If you owned a car before 1980, winterizing your car was necessary to keep your car running in tip-top shape during the cold weather months. Fortunately for us, modern cars don’t require the same winterization. However, there are still a few things you can do to make sure you have a well-running vehicle this winter.
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Check your battery. Cold weather is tough on your car’s battery. At 5 degrees, a fully charged lead-acid battery has only half its rated amp-hour capacity. On top of that, during cold weather, your engine requires more current from the battery in order to get the engine started. A quick trip to the dealer service department and they can run a battery load test to see if you need to replace the battery.
Change your wiper blades and refill your wiper fluid. You need to see the road to drive safely, but all that snow and salt on your windshield can greatly reduce visibility. Working windshield wipers and a solid supply of wiper fluid will ensure that you have a clear line of sight
Consider getting snow tires. If you live in an area that’s covered with snow for most of the winter, you should swap your regular all-season tires out for snow tires. Snow tires are made of a softer rubber than all-season tires which allows them to retain flexibility in the bitterest of cold. Snow tires also have tread patterns specially designed to grip into snow and ice. While snow tires will not remove the chance of you slipping and sliding in your car, they will provide more traction than regular tires.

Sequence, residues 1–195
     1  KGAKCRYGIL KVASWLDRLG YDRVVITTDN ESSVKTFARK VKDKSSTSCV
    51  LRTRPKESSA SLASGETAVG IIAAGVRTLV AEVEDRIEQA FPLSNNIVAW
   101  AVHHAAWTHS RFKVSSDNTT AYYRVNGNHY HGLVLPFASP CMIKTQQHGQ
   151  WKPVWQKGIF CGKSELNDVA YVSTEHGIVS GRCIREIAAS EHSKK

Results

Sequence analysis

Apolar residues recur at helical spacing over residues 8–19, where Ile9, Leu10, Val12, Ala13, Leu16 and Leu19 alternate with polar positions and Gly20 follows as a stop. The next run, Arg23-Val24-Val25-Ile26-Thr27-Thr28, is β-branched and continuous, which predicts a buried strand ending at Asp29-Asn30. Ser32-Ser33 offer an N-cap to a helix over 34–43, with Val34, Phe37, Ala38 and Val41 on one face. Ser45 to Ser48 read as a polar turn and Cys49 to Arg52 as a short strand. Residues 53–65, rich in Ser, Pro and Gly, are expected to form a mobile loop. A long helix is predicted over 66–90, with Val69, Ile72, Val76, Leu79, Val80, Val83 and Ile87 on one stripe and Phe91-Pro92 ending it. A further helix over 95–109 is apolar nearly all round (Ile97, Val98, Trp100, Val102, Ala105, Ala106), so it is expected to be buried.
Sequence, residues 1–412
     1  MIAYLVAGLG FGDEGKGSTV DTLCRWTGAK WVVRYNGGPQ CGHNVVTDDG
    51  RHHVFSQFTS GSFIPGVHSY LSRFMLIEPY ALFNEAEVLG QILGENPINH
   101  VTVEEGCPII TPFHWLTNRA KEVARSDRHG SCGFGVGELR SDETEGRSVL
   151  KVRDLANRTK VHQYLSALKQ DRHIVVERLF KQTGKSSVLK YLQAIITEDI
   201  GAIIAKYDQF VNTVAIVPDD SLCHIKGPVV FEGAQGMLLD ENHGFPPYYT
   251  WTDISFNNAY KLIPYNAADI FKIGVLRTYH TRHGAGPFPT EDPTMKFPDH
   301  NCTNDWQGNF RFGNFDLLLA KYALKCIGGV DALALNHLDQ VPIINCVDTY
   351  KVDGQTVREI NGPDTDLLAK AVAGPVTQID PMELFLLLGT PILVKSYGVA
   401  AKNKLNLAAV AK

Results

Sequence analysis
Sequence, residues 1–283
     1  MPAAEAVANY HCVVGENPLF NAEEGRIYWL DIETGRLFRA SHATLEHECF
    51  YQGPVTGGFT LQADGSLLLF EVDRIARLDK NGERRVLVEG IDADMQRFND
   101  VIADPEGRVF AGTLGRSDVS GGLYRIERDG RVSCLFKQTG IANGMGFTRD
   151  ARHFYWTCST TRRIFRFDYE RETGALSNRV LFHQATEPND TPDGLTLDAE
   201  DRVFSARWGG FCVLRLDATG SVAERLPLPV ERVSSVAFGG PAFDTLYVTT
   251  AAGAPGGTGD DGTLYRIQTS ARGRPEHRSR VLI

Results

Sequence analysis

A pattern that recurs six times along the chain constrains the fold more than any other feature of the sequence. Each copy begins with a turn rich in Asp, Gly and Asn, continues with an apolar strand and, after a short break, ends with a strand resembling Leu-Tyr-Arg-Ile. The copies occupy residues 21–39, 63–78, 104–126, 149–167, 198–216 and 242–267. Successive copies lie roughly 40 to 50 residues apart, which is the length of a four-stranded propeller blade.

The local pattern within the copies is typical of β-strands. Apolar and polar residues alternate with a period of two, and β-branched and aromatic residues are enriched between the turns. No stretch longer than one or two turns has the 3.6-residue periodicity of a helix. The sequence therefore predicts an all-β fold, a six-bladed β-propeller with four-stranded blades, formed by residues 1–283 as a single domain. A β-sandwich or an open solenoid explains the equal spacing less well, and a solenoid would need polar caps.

Check your tire pressure. If you don’t replace your regular tires with snow tires, at least keep them properly inflated during the winter. Cold weather causes the air pressure in your tires to drop. For every 10 degrees drop in temperature, your tire’s air pressure will drop about 1psi. Keeping your tires correctly inflated tire ensures the best possible contact between the road and the tires which helps with traction.
Check your four-wheel drive. Four-wheel drive can provide better traction when driving on snowy and icy roads. But only if it’s working. Have your 4WD checked by your dealership before winter weather.
Check your anti-freeze. Make sure you have plenty of coolant in your radiator.
Stock your car with emergency supplies. You never know when you’ll get stranded on the side of the road. Even worse to get stranded in snowy weather. Be prepared by having your car packed with emergency supplies.
Change the oil and adjust the viscosity. In order for your engine to run, it needs proper lubrication from oil. Unfortunately, cold weather reduces the oil’s effectiveness. Make sure to stop by your dealership and have a fresh oil change before the start of winter. You will keep your engine running smoothly.
Check your belts and hoses. Cold temps can weaken the belts and hoses that help make your engine run. Have your dealership check them for any signs of wear and tear and have them replaced if needed.